Of course, World doesn’t have the best track record on this subject themselves. A year ago they published a piece arguing that sexual abuse prevention measures get in the way of loving children as Jesus did. Also last year, the publication minimized horrific child abuse caught on tape at a cult compound in Germany. Just last month World minimized Adrian Peterson’s beating of his young son. The problem here is that World does these things and keeps these associations while claiming to be against the patriarchy movement and in favor of dealing with child abuse.

It’s honestly not that I’m surprised. It’s just that I’m fed up with the hypocrisy of it all.

I would like to see World Magazine held accountable. They should not be able to get away with saying they believe the patriarchy movement is bad theology while simultaneously promoting leaders of that very patriarchy movement, or with saying child abuse should be called out and dealt with while simultaneously partnering with an organization actively involved in covering up child abuse.

HSLDA Withdraws From Kevin Swanson’s Gen2 Conference

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By R.L. Stollar, HA Community Coordinator

On August 29, HSLDA announced via their Facebook page that their attorney, Mike Donnelly, withdrew from speaking at Kevin Swanson’s upcoming Gen2 Conference:

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Donnelly was originally slated to be 1 of 6 speakers at the conference. Other speakers include: Kevin Swanson, Brian Ray, Jeff Myers, Al Mohler, and Ken Ham. An August 21 screenshot of the Gen2 Conference page shows Donnelly listed alongside the other speakers:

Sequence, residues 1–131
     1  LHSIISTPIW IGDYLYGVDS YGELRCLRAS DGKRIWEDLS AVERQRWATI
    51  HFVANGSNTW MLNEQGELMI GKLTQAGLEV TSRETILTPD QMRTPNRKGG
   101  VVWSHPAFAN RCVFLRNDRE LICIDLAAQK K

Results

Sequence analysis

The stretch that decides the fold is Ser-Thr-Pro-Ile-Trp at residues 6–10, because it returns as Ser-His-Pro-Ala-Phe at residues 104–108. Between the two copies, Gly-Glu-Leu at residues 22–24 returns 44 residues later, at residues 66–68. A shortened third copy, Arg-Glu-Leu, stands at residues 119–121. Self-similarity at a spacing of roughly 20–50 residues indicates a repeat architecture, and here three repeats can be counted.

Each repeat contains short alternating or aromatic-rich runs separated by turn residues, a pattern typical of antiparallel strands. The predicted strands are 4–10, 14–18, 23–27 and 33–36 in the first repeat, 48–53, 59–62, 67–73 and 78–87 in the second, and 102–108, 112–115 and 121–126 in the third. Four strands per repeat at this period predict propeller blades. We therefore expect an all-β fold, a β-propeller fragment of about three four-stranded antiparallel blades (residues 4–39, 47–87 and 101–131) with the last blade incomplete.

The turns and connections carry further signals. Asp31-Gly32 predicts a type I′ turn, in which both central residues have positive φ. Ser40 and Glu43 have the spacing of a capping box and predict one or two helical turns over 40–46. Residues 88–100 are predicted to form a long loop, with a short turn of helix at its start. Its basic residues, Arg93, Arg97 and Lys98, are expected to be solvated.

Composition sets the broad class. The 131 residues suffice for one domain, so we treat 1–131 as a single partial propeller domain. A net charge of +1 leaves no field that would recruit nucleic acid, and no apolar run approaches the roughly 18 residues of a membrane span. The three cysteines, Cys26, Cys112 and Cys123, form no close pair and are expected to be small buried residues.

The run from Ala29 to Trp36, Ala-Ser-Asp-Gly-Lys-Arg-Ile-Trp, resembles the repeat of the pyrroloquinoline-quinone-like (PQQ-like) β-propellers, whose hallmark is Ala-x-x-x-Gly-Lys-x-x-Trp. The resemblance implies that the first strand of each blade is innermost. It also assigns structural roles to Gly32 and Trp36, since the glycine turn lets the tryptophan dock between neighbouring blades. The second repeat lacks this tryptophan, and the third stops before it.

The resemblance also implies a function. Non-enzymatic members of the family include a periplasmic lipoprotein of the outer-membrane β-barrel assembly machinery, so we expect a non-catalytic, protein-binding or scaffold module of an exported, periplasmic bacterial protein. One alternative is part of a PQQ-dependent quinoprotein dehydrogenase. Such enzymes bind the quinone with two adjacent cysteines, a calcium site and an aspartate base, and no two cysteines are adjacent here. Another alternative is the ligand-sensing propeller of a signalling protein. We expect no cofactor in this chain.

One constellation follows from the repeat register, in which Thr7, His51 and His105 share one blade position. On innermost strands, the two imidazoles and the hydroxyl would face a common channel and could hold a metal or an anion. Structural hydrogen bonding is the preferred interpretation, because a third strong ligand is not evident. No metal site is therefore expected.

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As of August 31, the Gen2 Conference site has been updated and Donnelly no longer appears on the speaker roster.

The Gen2 Conference is hosted by Christian Home Educators of Colorado (CHEC)’s Generations Radio program. It is being held on January 30-31, 2015, at Ken Ham’s Creation Museum in Cincinnati, Ohio. According to the conference website, it “is for Christian Leaders who care what happens with the Millennial generation.” During the conference the results will be revealed from Kevin Swanson and Brian Ray’s 2013 Gen2 Survey, allegedly “the largest Christian study ever conducted on the Millennial generation.” Last year Homeschoolers Anonymous covered methodological problems with the Gen2 Survey here and here.

Kevin Swanson has recently come under significant criticism for his radio broadcast entitled “Homeschool Educational Negect,” where he and CHEC board member Steve Vaughan went on a bizarre rant against WORLD Magazine and cruelly mocked abuse survivors. In light of that broadcast, as well as HSLDA’s recent white paper about “drawing a line in the sand,” withdrawing from a conference run by Swanson was an absolutely essential step in demonstrating HSLDA’s new principles will be put to practice.

HSLDA did the right thing. I thank them for that.